The Stanhope Gold Medal for 2021 has been awarded to JAMIE INGRAM (47) who was nominated by the Royal Humane Society of New South Wales, Australia. He was put forward for his bravery in apprehending an armed terrorist in the streets of Sydney.
On 13 June 2019 an Islamist terrorist murdered a young woman in her apartment before emerging onto the street, spattered in blood and wielding a large kitchen knife. He was shouting “Allahu Akbar” and giving an ISIS salute. The streets were full of pedestrians and people were seated at outside cafes. He stabbed one bystander in the back and slashed indiscriminately at others as he began a terrifying, chaotic rampage down the street with pedestrians fleeing in terror. Jamie Ingram and a group of other men gave chase, yelling at everyone to take cover and challenging the attacker to drop his weapon. The man was tall and athletic and could easily have turned on his pursuers at any time. At one point the terrorist turned and faced them and shouted ‘I have a bomb’ before he continued running, slashing at pedestrians and drivers as they sat in their vehicles. He ran into another street towards people seated at outdoor cafes. By this stage Jamie, who was leading the chase, realised that the diners could not avoid being attacked and so he bravely closed in on the man and hit him from behind with a café chair. This knocked the terrorist to the ground causing him to momentarily drop the knife.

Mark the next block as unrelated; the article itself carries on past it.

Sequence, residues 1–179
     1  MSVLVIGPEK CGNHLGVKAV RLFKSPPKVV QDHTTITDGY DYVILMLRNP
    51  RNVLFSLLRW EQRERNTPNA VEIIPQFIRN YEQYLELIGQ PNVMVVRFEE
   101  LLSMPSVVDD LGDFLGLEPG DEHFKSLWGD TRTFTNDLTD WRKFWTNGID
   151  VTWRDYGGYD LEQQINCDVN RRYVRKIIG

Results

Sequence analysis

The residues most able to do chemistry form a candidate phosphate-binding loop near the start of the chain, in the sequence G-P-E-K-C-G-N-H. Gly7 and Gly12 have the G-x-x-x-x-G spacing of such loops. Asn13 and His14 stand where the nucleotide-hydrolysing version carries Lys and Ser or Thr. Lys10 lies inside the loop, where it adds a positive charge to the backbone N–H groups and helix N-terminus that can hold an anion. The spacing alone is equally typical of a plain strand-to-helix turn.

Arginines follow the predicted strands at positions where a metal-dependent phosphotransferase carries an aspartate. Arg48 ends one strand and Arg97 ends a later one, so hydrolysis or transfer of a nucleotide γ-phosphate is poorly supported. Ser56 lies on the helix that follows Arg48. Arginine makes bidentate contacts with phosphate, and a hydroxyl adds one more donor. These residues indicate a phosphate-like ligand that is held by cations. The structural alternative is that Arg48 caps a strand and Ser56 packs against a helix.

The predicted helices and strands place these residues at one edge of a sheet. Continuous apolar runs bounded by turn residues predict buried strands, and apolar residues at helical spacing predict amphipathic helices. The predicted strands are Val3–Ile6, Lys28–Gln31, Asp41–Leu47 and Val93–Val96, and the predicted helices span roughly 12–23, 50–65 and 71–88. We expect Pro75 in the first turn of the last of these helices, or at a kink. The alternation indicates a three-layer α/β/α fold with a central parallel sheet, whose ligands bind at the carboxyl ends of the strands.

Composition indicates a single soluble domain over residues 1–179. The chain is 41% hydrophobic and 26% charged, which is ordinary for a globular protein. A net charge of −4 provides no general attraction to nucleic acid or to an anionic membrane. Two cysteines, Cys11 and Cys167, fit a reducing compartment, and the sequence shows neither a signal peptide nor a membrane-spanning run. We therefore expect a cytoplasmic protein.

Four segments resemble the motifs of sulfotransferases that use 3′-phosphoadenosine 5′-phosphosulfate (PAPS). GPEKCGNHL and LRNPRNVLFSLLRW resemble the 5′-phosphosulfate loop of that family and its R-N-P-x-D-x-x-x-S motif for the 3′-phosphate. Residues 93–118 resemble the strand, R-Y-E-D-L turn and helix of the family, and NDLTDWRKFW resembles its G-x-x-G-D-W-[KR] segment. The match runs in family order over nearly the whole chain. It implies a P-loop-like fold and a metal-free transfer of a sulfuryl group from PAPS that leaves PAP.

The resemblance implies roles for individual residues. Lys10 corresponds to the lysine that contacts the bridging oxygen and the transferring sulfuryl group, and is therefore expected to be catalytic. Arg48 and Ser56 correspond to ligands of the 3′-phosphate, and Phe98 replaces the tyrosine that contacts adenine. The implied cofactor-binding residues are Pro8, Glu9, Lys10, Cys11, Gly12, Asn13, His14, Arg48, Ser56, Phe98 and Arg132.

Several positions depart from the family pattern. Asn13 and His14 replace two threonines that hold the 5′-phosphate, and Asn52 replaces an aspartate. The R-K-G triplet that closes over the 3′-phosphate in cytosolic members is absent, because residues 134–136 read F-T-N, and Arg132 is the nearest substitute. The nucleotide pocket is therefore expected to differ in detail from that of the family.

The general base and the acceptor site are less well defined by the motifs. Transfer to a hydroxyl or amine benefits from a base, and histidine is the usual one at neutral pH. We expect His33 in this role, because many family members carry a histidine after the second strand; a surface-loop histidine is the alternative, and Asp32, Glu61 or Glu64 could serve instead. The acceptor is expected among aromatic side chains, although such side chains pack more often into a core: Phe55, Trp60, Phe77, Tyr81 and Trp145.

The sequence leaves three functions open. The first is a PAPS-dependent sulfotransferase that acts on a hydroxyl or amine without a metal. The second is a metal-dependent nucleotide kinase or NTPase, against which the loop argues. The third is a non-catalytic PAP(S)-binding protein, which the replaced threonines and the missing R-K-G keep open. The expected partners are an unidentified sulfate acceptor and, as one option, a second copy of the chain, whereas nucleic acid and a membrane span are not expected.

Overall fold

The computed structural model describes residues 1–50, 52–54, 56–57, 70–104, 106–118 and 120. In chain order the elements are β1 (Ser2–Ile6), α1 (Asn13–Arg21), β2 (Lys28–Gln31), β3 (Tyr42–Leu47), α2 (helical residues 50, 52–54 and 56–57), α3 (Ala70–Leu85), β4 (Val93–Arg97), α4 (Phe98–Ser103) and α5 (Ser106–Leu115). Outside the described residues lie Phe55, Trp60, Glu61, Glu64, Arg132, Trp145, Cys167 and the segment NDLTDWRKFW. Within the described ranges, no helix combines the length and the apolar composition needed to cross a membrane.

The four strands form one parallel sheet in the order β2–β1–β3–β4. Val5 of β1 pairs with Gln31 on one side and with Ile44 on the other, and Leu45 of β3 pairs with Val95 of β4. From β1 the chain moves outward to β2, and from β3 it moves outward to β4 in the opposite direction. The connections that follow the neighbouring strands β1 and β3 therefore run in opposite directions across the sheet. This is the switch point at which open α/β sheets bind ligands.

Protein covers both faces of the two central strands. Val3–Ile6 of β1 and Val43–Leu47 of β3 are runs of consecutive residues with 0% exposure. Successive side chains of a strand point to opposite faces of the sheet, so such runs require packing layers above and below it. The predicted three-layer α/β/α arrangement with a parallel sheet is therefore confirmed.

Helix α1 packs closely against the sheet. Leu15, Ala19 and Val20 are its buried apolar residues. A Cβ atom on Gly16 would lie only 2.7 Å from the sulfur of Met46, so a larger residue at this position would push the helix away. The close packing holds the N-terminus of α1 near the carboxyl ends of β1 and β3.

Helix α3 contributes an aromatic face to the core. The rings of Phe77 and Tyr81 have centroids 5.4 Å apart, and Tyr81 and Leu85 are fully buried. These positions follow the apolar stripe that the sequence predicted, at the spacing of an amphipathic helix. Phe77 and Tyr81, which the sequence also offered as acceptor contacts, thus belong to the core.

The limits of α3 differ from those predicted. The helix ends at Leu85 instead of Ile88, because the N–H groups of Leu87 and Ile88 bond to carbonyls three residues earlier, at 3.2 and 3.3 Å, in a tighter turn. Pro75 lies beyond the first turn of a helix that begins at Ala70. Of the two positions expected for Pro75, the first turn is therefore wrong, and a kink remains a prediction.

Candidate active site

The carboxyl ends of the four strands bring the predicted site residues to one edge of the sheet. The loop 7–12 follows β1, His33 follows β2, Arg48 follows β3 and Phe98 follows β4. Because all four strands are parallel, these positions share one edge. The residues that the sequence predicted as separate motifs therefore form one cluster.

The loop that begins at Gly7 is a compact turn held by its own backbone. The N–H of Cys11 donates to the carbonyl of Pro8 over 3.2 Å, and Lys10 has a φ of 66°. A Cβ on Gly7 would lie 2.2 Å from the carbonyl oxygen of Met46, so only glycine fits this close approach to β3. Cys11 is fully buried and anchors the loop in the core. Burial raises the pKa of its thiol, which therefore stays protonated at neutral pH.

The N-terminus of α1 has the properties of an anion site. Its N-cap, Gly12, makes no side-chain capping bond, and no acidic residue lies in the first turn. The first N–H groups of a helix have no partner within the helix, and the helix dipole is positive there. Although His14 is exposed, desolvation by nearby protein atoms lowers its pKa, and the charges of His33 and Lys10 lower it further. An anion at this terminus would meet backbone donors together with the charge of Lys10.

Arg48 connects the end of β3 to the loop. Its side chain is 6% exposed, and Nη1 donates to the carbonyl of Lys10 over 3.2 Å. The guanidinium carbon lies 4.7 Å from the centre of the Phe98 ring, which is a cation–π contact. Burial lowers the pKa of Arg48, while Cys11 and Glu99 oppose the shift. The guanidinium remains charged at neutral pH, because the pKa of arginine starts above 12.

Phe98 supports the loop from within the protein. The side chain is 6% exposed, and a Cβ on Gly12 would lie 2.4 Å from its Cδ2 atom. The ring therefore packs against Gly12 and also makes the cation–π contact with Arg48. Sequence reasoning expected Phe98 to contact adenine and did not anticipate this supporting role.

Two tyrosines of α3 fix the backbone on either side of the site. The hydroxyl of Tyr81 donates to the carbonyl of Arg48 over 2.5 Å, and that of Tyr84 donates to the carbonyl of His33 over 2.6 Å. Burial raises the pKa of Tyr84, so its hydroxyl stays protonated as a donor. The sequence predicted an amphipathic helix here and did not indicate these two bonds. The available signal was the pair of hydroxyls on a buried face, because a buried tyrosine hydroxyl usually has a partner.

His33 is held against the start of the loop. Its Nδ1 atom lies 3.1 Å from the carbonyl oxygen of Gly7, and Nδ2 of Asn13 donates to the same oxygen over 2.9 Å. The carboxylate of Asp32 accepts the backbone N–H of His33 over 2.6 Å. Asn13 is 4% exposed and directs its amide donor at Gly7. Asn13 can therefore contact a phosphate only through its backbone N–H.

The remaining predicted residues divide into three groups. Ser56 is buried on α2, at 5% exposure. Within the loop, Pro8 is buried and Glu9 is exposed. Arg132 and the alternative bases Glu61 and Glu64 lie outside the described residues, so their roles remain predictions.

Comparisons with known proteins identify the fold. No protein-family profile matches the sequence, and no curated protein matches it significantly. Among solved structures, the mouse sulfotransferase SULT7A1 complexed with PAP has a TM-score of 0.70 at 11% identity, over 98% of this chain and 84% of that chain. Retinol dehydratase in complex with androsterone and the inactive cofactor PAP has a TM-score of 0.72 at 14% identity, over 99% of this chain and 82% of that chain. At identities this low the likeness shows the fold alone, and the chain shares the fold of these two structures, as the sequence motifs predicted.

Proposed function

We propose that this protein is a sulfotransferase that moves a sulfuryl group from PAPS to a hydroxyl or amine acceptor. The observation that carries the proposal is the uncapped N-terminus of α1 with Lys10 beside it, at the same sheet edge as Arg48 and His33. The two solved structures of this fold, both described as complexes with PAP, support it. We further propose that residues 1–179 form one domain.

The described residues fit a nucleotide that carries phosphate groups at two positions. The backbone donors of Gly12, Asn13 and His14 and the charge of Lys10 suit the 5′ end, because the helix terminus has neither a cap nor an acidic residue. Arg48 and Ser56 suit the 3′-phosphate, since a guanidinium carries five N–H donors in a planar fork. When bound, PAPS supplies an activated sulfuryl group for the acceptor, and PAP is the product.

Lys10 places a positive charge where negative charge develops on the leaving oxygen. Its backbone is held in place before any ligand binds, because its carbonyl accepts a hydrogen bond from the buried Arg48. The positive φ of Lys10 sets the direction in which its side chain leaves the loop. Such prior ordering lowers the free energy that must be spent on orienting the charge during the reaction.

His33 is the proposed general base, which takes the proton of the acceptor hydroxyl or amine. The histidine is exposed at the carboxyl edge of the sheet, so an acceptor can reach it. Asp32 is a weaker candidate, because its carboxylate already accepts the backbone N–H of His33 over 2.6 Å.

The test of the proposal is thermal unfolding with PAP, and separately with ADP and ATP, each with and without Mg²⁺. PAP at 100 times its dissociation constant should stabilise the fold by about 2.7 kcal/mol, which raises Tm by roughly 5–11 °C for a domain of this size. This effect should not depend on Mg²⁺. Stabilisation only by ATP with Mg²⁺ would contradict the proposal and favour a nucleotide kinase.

A struggle ensued in which the attacker tried to regain the knife and kill Jamie and four other pursuers who had arrived to help. Two men beat the terrorist with firefighting tools to try and subdue him, but he fought on. Another man shoved a plastic milk crate over the terrorist’s head, pinning him by the throat, while Jamie and one other pinned him with café chairs and stood on his limbs. During the 10 minutes it took the police to arrive Jamie was fully aware that they faced the added danger of death or serious injury should the alleged bomb detonate, and yet they courageously remained at their posts. The attacker was taken into custody suffering no ill effects from the beating he received and was later sentenced to 44 years imprisonment. At the attacker’s trial the judge commended Jamie Ingram and the others who gave chase and captured the terrorist. The judge remarked ‘…there was a grave risk posed by the offender and the persons who engaged in his pursuit were acting to protect the public without fear as to the consequences for themselves. The offender was captured by Mr Ingram and a courageous group of citizens who had come together so as to bring his violent, terrifying and chaotic rampage to an end.
Jamie Ingram was awarded the NSW Royal Humane Society’s Gold Medal and the Galleghan Award. The other 4 captors also received Gold Medals. Three other pursuers were awarded Silver and Bronze Medals respectively.